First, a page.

US senator open to options on Japan base dispute
By MALCOLM FOSTER
(AP) – 35 minutes ago
TOKYO — A member of the U.S. Senate Armed Services Committee said Monday he's open to hearing options on how to resolve a dispute over the relocation of a contentious U.S. Marine base on the Japanese island of Okinawa.
Starting a weeklong tour in Japan and Guam, Sen. Jim Webb also called Toyota's recent recall problems — the subject of two congressional hearings next week — a "business issue" that wouldn't affect political ties between Japan and the United States.
U.S.-Japan relations soured after the new Tokyo government put on hold a plan to move Futenma Marine airfield on the southern island of Okinawa — part of a broader 2006 agreement with Washington to reorganize the 47,000 U.S. troops in Japan — because of local opposition.
Prime Minister Yukio Hatoyama, who swept into power last August, has said he plans to make a decision on Futenma by May.
Webb, who has made numerous visits to Okinawa over the last 40 years, first as a Marine during the Vietnam War and later as a U.S. defense planner and government official, said the main purpose of his visit was to listen to the views of the Japanese government and people of Okinawa, where many resent the heavy U.S. military presence.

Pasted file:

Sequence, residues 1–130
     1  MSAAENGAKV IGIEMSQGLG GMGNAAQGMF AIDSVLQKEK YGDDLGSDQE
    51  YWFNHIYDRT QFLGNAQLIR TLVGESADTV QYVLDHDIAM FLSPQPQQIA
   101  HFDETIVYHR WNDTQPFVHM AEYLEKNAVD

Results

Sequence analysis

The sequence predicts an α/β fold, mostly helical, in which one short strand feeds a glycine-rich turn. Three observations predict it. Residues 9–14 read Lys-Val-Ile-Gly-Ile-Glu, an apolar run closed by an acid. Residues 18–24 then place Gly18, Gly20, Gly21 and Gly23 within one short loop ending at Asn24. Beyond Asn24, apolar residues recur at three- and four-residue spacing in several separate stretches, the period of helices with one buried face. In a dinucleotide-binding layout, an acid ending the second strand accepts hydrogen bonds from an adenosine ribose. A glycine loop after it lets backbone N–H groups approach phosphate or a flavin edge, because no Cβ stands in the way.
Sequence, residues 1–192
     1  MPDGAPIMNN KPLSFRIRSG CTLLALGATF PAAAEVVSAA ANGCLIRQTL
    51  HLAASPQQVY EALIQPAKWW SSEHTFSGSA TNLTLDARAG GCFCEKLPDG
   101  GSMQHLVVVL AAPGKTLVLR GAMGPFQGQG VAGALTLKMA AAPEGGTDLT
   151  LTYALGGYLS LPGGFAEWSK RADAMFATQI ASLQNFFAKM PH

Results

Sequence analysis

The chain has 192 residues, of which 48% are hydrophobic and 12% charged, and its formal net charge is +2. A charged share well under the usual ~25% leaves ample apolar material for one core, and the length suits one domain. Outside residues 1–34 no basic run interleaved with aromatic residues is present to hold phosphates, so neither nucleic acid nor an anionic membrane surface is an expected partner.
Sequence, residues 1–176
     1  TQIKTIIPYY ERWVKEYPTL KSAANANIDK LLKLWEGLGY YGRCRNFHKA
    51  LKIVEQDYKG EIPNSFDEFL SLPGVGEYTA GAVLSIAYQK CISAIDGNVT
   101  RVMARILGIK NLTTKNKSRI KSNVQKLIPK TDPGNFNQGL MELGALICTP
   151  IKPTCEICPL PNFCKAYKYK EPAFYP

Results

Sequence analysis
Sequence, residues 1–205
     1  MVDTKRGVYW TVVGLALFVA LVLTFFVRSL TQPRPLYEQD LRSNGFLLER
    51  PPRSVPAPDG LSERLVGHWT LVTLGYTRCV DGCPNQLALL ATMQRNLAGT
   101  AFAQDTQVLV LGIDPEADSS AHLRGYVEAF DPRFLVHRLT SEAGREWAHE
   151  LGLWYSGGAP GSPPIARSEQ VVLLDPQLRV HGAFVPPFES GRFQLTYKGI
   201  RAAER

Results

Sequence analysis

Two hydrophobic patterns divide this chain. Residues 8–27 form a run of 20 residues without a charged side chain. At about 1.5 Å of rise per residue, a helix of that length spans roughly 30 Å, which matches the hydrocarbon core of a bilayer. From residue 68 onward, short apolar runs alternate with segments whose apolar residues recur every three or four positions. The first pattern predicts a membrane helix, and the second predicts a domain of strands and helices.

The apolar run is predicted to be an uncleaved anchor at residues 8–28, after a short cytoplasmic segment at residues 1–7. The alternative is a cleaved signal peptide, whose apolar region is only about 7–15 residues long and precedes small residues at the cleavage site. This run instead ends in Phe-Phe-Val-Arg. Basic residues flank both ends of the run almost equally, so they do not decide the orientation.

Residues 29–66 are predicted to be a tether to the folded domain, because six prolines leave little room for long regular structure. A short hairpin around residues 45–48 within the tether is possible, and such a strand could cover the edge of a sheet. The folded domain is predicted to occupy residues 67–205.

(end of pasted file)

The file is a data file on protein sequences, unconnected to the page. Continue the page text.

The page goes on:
"There could be a number of practical options," Webb said about ways to resolve the Futenma issue. "I don't want to outline those options today because I don't want to cut short the discussions that we're going to have."
Webb said a solution needed to be found quickly "on the Futenma issue for the well-being of the citizens in that area."
"I am open to listening to all suggestions from the Japanese government and also the people of Okinawa," he told journalists at a press conference.
The Obama administration has insisted the Hatoyama government proceed with the 2006 plan to move Futenma to Nago, a city in a less crowded part of Okinawa that recently elected an anti-base mayor.
Webb said he did not recommend moving Futema's facilities outside of Okinawa, as many local residents want, but he also suggested he didn't necessarily support the Obama's administration's position.
"We're not a parliamentary system, so I am not obligated to support the administration in a specific way," he said.